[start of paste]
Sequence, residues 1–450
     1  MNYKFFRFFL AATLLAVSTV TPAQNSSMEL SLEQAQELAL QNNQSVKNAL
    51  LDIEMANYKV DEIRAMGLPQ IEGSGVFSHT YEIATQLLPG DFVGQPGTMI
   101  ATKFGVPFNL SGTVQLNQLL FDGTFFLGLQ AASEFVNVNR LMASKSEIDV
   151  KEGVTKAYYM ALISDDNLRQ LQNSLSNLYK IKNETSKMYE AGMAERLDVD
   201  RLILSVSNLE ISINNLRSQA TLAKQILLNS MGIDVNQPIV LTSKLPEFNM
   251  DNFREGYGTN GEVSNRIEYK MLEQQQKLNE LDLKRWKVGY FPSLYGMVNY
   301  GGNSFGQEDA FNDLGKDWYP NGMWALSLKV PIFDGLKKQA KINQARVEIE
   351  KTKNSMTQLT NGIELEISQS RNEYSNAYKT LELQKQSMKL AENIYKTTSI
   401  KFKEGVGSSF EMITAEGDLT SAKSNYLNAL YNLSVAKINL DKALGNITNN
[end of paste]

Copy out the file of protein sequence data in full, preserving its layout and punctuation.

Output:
Sequence, residues 1–450
     1  MNYKFFRFFL AATLLAVSTV TPAQNSSMEL SLEQAQELAL QNNQSVKNAL
    51  LDIEMANYKV DEIRAMGLPQ IEGSGVFSHT YEIATQLLPG DFVGQPGTMI
   101  ATKFGVPFNL SGTVQLNQLL FDGTFFLGLQ AASEFVNVNR LMASKSEIDV
   151  KEGVTKAYYM ALISDDNLRQ LQNSLSNLYK IKNETSKMYE AGMAERLDVD
   201  RLILSVSNLE ISINNLRSQA TLAKQILLNS MGIDVNQPIV LTSKLPEFNM
   251  DNFREGYGTN GEVSNRIEYK MLEQQQKLNE LDLKRWKVGY FPSLYGMVNY
   301  GGNSFGQEDA FNDLGKDWYP NGMWALSLKV PIFDGLKKQA KINQARVEIE
   351  KTKNSMTQLT NGIELEISQS RNEYSNAYKT LELQKQSMKL AENIYKTTSI
   401  KFKEGVGSSF EMITAEGDLT SAKSNYLNAL YNLSVAKINL DKALGNITNN